'Canes show their pride

Photo: Genesis Cosme/University of Miami

By Genesis Cosme

Photo: Genesis Cosme/University of Miami

'Canes show their pride

By Genesis Cosme
The LGBTQ Student Center and SpectrUM invite the UM community to show their true colors during LGBT History Month, celebrated throughout the month of October.

More than three decades ago, the Second National March on Washington for Lesbian and Gay Rights made a historical change. The scope and success of the rally marked October 11 as the official National Coming Out Day and the full month of October as LGBT History Month. 

Across the country and on our campus, Coming Out Week and LGBT History Month is celebrated by students, faculty, and staff who provide recognition, offer support, and raise awareness for LGBTQ+ students and issues.

“To me, the act of coming out is symbolic,” says Emma Lam, a senior and treasurer of SpectrUM, the University’s largest undergraduate LGBTQ+ student organization. “There’s power in coming out and taking up space. It fosters more understanding, inclusivity, and self-empowerment, but also lets people who aren’t out yet find someone to reach out to.”

LGBT History Month was founded in 1994 by a Missouri high school history teacher, Rodney Wilson, who wanted to connect with and instill pride in the community. With help from friends, supporters, and what’s now known as GLSEN, the first LGBT History Month Coordinating Committee mailed out packets of material with history curriculum suggestions for secondary schools, colleges, and universities. At the University of Miami, the LGBTQ Student Center works to educate the community in honor of the month by highlighting historical LGBTQ+ activists and other facts about LGBTQ+ history in its office.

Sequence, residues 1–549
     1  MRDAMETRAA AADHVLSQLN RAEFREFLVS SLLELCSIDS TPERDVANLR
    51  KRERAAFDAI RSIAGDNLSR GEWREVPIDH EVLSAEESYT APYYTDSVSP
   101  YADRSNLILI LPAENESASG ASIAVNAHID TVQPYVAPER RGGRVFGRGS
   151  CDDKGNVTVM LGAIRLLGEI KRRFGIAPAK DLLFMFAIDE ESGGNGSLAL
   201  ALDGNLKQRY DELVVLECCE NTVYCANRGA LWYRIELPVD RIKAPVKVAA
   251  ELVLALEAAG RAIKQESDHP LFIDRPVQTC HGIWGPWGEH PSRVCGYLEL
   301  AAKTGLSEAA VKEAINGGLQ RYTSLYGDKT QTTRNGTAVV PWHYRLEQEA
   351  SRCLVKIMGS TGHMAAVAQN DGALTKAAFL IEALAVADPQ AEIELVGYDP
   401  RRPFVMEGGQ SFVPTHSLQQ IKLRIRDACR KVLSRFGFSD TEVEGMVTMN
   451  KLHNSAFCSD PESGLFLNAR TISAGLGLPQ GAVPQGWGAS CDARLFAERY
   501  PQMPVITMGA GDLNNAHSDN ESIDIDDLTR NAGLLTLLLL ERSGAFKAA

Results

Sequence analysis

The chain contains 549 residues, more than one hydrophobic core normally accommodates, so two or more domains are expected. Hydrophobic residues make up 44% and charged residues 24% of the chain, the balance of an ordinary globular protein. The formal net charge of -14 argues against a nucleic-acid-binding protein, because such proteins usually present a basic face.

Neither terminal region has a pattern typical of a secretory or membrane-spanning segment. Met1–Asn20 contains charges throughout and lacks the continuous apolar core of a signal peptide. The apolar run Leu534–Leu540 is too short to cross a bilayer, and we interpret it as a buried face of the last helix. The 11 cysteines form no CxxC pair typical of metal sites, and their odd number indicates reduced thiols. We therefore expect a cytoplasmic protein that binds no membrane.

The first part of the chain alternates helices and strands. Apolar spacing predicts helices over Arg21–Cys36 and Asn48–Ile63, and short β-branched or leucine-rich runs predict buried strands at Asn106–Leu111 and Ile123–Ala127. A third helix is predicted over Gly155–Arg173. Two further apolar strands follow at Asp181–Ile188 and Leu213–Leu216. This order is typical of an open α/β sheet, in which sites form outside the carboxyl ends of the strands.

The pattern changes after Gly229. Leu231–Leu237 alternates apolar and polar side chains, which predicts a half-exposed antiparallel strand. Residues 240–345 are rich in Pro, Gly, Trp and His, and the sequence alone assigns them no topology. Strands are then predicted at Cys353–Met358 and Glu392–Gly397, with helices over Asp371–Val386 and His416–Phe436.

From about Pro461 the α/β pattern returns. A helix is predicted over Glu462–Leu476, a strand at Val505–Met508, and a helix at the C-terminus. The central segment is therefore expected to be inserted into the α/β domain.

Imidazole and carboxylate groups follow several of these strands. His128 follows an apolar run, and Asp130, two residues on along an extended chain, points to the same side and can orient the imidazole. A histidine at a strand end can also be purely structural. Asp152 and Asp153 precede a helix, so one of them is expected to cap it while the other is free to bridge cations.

“The LGBTQ Student Center serves as a resource for all members of the LGBTQ+ community, as well as for allies and those who may be questioning their identity,” said Vanessa Kania, the center's assistant director. “We exist to fill the gaps left by a society that paints gender and sexuality as a binary by providing education and services to all.”

This year’s Coming Out Week, which took place the week of October 7, featured events such as an ally discussion series, trivia at the Rathskeller, a pride photoshoot, candlelight vigil, and day of service. Headlining the week was the October 11 Miami Hurricanes football game against the University of Virginia, which coincided with National Coming Out Day. Students were invited to visit the pride-themed Student Fan Zone at the northwest corner of Hard Rock Stadium.

The LGBTQ Student Center’s mission to foster inclusion and support for the University’s LGBTQ+ students, faculty and staff goes beyond Coming Out Week and LGBT History Month. It offers a variety of opportunities for empowerment, visibility, and intergroup engagement like IBIS Ally Training and the Lavender Celebration

The second installment of IBIS Intersections is on October 22 at 6 p.m., which features a panel of LGBTQ+ women in business to speak about their experiences. The panel is hosted in partnership with the Women In Business Club in the Miami Herbert Business School Executive Education Dining Room.

“It is important for us to create spaces for the LGBTQ+ community to foster an inclusive atmosphere and further increase representation on our campus,” Kania adds. “If you’re looking for advice or to learn more about the LGBTQ+ community in support of a friend or family member who has recently come out, consider stopping by the center or attending one of our events. Our role is to serve as a support system and advocate to meet the needs of our LGBTQ+ students, whether through scholarships, gender-inclusive restrooms, programming and everything in between.”

Editorial note: Mentions of LGBT History Month and the LGBTQ Student Center are in reference to the formal names for both titles.